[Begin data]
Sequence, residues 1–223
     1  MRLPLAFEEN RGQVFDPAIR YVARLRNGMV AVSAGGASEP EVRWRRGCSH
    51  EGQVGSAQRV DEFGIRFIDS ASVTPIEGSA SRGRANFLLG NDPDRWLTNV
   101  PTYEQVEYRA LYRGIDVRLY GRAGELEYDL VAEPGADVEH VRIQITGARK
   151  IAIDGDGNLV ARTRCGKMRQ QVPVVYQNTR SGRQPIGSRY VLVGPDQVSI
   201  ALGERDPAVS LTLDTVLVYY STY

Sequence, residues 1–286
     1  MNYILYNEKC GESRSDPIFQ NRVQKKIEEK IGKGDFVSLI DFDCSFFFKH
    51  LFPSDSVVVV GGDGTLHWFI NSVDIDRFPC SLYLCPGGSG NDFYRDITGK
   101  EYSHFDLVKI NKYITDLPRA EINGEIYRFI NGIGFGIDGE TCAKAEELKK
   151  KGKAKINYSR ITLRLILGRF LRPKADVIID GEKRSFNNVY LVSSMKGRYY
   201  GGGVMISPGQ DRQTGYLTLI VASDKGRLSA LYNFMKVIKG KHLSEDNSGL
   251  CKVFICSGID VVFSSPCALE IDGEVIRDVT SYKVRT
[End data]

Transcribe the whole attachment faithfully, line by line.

Sequence, residues 1–223
     1  MRLPLAFEEN RGQVFDPAIR YVARLRNGMV AVSAGGASEP EVRWRRGCSH
    51  EGQVGSAQRV DEFGIRFIDS ASVTPIEGSA SRGRANFLLG NDPDRWLTNV
   101  PTYEQVEYRA LYRGIDVRLY GRAGELEYDL VAEPGADVEH VRIQITGARK
   151  IAIDGDGNLV ARTRCGKMRQ QVPVVYQNTR SGRQPIGSRY VLVGPDQVSI
   201  ALGERDPAVS LTLDTVLVYY STY

Sequence, residues 1–286
     1  MNYILYNEKC GESRSDPIFQ NRVQKKIEEK IGKGDFVSLI DFDCSFFFKH
    51  LFPSDSVVVV GGDGTLHWFI NSVDIDRFPC SLYLCPGGSG NDFYRDITGK
   101  EYSHFDLVKI NKYITDLPRA EINGEIYRFI NGIGFGIDGE TCAKAEELKK
   151  KGKAKINYSR ITLRLILGRF LRPKADVIID GEKRSFNNVY LVSSMKGRYY
   201  GGGVMISPGQ DRQTGYLTLI VASDKGRLSA LYNFMKVIKG KHLSEDNSGL
   251  CKVFICSGID VVFSSPCALE IDGEVIRDVT SYKVRT